Next we open the D610 by carefully prying off the plastic access cover that runs along the top of the keyboard that happens to include the power and audio buttons:

Prying off the access cover

Having done so, you can see the exposed electronics across the top of the keyboard:

Laptop access cover removed

It's difficult to see in that photo, but there are exactly two small screws that hold the keyboard in place. Removing those allows the keyboard to be carefully lifted up, except:

Laptop keyboard held in place by tabs on each side of case

There are two tabs on the actual laptop plastic case, one on each of the left and right sides, that hold the keyboard in place. They need to be carefully held aside and the keyboard can be angled up some more. Then you can slide it up a little at which point it's entirely free except for the cable.

Keyboard being lifted up exposing cable

Do not stress the cable. Even on the old keyboard which you'll likely throw away, pulling or indiscriminately yanking on the cable could actually damage the circuit board that it's plugged into.

In the D610's case the cable connector actually includes a plastic tab that can be held on to so that you can carefully disconnect the keyboard cable:

Disconnecting the laptop keyboard cable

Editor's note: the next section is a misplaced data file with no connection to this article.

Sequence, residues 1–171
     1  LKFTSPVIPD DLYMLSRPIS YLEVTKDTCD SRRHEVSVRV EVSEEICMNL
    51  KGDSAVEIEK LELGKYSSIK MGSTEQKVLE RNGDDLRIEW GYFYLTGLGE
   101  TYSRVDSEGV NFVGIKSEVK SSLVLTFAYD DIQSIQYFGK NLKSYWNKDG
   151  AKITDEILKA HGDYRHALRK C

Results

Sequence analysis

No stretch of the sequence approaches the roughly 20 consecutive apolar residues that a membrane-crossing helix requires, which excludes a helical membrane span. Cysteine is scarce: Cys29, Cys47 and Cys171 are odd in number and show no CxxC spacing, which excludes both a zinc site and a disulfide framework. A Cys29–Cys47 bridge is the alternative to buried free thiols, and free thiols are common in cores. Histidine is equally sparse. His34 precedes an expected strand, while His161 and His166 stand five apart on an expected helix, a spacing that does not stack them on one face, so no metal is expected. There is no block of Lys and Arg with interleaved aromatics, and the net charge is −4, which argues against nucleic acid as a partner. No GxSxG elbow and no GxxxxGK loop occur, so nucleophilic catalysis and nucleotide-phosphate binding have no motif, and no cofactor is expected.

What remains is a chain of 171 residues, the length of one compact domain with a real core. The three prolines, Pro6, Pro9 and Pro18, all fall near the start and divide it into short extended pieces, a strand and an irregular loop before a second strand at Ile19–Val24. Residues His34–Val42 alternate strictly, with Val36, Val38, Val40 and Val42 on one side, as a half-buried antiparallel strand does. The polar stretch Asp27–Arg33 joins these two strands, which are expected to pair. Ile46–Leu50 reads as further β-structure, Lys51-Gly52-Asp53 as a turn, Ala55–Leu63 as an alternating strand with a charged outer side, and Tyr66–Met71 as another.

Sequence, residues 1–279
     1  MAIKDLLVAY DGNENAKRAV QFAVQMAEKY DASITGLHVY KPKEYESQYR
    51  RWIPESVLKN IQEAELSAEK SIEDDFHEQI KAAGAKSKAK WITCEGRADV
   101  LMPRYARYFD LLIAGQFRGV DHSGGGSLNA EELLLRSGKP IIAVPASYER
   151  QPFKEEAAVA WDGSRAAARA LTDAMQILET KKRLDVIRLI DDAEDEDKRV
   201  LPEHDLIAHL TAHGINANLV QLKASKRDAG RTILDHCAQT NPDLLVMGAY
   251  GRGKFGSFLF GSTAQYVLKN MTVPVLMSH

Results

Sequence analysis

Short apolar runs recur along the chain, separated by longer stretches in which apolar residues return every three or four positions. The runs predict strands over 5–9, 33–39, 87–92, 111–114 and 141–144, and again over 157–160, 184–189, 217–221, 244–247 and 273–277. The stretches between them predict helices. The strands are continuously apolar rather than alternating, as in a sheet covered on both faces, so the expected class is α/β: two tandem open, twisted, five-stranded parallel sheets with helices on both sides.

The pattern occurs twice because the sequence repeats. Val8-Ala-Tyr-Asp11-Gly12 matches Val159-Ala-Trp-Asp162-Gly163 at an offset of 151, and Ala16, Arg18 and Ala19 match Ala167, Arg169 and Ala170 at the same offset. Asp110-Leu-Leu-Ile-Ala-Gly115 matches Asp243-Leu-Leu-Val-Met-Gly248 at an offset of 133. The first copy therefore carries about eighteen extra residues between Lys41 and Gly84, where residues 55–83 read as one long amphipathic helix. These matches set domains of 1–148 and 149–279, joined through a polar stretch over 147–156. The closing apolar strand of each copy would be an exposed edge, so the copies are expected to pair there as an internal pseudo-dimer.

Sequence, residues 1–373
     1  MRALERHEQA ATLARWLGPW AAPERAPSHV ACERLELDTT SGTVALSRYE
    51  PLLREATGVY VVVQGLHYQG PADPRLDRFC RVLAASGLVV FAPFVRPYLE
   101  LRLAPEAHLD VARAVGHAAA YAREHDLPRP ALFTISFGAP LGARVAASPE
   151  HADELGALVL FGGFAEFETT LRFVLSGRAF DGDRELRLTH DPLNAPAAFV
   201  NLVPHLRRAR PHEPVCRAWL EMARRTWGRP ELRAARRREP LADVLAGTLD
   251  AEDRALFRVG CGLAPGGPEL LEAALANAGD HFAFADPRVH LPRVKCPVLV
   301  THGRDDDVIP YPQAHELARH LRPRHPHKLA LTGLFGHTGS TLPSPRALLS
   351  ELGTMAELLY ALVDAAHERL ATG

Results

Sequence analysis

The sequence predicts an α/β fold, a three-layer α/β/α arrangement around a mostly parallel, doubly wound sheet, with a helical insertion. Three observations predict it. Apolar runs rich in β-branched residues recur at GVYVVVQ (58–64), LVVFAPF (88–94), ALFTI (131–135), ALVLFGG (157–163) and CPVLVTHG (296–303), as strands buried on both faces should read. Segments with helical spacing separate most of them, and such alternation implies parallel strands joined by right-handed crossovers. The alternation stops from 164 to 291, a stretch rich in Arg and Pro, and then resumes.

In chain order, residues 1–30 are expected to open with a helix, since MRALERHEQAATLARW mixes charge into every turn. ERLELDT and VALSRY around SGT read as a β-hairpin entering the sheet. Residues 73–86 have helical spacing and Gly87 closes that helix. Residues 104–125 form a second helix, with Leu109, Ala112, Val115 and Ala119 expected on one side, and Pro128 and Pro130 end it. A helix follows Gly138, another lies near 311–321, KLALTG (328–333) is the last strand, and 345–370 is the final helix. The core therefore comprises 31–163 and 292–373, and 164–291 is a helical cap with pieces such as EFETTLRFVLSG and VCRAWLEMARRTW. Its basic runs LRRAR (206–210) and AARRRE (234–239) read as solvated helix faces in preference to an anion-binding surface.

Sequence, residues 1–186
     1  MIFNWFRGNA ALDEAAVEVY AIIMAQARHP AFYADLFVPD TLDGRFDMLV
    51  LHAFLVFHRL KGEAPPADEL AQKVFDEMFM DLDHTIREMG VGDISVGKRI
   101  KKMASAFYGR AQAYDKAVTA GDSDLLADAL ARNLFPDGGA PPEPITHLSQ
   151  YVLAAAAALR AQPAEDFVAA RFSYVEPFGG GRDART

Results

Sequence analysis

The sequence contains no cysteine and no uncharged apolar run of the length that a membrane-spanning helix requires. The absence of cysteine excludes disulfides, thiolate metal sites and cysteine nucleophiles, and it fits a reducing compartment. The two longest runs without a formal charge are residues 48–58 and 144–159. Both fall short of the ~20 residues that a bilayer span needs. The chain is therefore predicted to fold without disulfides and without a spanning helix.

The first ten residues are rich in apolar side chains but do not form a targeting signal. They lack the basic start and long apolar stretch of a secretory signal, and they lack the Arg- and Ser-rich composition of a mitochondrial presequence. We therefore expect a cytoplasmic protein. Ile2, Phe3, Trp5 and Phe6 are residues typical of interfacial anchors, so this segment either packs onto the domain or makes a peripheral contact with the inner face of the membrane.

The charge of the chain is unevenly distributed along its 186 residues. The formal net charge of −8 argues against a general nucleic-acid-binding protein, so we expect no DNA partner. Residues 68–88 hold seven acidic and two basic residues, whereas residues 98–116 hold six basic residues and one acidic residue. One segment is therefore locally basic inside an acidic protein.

Things are a little tight, so take your time, again, not stressing the computer, cable or keyboard.

The result, a laptop with no keyboard:

Laptop with keyboard removed

Here's the replacement keyboard, ordered direct from Dell:

Replacement keyboard

The next step is to connect the new keyboard's cable. Once again, this is slightly cramped work that needs to be done carefully:

Replacing the laptop keyboard cablep

Now you can slide the keyboard down into place, and the top two screws can be replaced:

Replacing the screws holding the keyboard

It's at this point, before closing things back up, that I inserted one of the batteries, booted the computer, and ensured that the new keyboard was, in fact, working. (It was - hooray!) I then removed the battery (perhaps not absolutely necessary in this case), and continued.

The last step was to replace the plastic access cover by carefully pressing it back into position:

Replacing the access cover

That's it.

My wife's laptop now has a working keyboard once again.

One final, and important, picture to illustrate some fundamental problems:

Old laptop keyboard with spacebar removed

Only after I was satisfied that the new keyboard was working did I remove some of the key tops on the old broken one. This picture shows where the spacebar used to be. There are two things to note:

  • The Dirt - keyboards have long been known to be the dirtiest part of your computer, and you can see why. A lot of dirt, and in our case pet hair, gets trapped underneath those keys. Regularly blowing out your keyboard with compressed air helps some, but over time the results are inevitable.